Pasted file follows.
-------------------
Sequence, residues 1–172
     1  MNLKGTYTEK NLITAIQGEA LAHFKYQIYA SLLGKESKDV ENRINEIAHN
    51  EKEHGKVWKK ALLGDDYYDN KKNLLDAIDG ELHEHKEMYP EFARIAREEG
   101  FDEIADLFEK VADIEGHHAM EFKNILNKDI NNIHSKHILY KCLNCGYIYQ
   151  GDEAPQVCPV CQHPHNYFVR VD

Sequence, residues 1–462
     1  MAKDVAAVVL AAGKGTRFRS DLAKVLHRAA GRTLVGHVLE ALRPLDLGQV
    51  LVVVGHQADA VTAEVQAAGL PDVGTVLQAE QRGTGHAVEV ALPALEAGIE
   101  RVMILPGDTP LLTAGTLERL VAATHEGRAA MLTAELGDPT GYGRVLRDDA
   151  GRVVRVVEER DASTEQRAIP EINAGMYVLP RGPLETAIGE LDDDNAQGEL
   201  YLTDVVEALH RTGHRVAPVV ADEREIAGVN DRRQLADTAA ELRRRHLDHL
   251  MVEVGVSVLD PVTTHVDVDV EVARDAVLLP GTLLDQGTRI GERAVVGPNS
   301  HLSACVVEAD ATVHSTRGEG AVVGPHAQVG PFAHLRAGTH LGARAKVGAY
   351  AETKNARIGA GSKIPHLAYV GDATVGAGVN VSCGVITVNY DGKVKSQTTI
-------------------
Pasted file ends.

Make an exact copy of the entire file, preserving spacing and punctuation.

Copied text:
Sequence, residues 1–172
     1  MNLKGTYTEK NLITAIQGEA LAHFKYQIYA SLLGKESKDV ENRINEIAHN
    51  EKEHGKVWKK ALLGDDYYDN KKNLLDAIDG ELHEHKEMYP EFARIAREEG
   101  FDEIADLFEK VADIEGHHAM EFKNILNKDI NNIHSKHILY KCLNCGYIYQ
   151  GDEAPQVCPV CQHPHNYFVR VD

Sequence, residues 1–462
     1  MAKDVAAVVL AAGKGTRFRS DLAKVLHRAA GRTLVGHVLE ALRPLDLGQV
    51  LVVVGHQADA VTAEVQAAGL PDVGTVLQAE QRGTGHAVEV ALPALEAGIE
   101  RVMILPGDTP LLTAGTLERL VAATHEGRAA MLTAELGDPT GYGRVLRDDA
   151  GRVVRVVEER DASTEQRAIP EINAGMYVLP RGPLETAIGE LDDDNAQGEL
   201  YLTDVVEALH RTGHRVAPVV ADEREIAGVN DRRQLADTAA ELRRRHLDHL
   251  MVEVGVSVLD PVTTHVDVDV EVARDAVLLP GTLLDQGTRI GERAVVGPNS
   301  HLSACVVEAD ATVHSTRGEG AVVGPHAQVG PFAHLRAGTH LGARAKVGAY
   351  AETKNARIGA GSKIPHLAYV GDATVGAGVN VSCGVITVNY DGKVKSQTTI